Useful Terms & Concepts"the commons": any resource—like the oceans and the water we drink—that is shared by a group of people and should be preserved for future generations
conservation: the sustainable use of natural resources
desalination: removing salt, especially from seawater
ecosystem services: benefits obtained from intact ecosystems, such as water purification, waste breakdown, and oxygen production
grey water: wastewater from showers, sinks, and washing machines (not toilets)
groundwater: fresh water that is stored under Earth's surface in aquifers, layers of sand, gravel, or porous rock; groundwater supplies springs and wells
pesticides: any substance intended to kill unwanted organisms, especially insects. They can remain in the food web and water supply, with unintended consequences.
reclaimed water: sometimes called recycled water, this is former wastewater that has been treated and purified for reuse rather than discharged into a sewer or drain.
surface water: fresh water found on Earth's surface, such as rivers, lakes, and reservoirs
sustainable: meeting current needs without losing the ability to meet future needs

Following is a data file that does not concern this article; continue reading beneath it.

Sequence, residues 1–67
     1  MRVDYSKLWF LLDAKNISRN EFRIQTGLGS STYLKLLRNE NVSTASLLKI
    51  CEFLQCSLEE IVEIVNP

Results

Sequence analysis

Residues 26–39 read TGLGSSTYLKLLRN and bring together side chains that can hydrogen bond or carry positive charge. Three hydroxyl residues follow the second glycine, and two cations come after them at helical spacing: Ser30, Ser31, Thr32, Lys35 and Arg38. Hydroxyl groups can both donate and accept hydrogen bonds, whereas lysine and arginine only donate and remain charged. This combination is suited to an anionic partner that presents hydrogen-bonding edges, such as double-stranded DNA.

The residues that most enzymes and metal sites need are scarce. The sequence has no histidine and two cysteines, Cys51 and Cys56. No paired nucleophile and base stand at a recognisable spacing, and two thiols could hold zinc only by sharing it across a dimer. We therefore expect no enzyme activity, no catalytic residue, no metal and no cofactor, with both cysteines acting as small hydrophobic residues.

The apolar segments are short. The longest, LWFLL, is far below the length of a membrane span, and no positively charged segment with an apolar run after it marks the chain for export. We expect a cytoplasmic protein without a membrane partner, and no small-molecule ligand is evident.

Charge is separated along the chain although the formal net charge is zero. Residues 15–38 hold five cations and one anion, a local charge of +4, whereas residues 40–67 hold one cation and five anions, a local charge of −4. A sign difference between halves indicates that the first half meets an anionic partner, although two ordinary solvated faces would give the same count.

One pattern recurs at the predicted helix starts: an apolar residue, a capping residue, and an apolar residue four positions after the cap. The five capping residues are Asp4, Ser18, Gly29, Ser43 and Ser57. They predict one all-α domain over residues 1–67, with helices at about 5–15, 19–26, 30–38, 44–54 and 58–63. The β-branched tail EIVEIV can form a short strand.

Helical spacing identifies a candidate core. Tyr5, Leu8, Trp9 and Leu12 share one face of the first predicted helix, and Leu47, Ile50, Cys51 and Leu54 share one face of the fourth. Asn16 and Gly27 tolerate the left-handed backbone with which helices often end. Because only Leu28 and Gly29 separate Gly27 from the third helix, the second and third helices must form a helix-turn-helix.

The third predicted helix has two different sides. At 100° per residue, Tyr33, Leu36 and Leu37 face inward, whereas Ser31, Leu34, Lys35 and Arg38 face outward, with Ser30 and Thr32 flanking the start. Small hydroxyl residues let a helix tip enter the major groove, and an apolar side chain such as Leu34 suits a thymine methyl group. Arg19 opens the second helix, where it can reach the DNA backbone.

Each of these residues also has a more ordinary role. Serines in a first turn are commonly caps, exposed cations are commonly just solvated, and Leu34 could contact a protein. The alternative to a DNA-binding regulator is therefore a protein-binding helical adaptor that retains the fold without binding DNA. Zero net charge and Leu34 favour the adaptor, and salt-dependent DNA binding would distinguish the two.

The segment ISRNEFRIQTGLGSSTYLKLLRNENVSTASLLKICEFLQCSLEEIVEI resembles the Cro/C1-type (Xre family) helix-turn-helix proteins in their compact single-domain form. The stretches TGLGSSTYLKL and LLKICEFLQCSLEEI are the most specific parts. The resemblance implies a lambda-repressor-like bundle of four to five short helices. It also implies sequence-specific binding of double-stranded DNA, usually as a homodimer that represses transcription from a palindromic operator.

virtual water: the volume of water required to produce a commodity or service
wastewater: water, including sewage, that has been used in homes, industries, or businesses and cannot be reused unless it is treated
water cycle: the continuous movement of water between the atmosphere, the land, and the sea
water ethic: the concept that humans must protect the quality and availability of water for all the species that depend on it, now and in the future
water footprint: the total volume of fresh water used to produce the foods and services consumed by an individual or community
water stress: the combination of high human population and low water supply
waterborne disease: a disease caused by microorganisms (such as protozoa, viruses, bacteria, and intestinal parasites), and which is directly transmitted by drinking contaminated water
watershed: all the land drained by a single river system. Large watersheds like the Mississippi River basin contain thousands of smaller watersheds.
wetland: shallow, often intermittently wet habitat, such as a swamp or marsh. Wetlands help filter water, absorb the force of storms and tides, and provide habitat for countless species.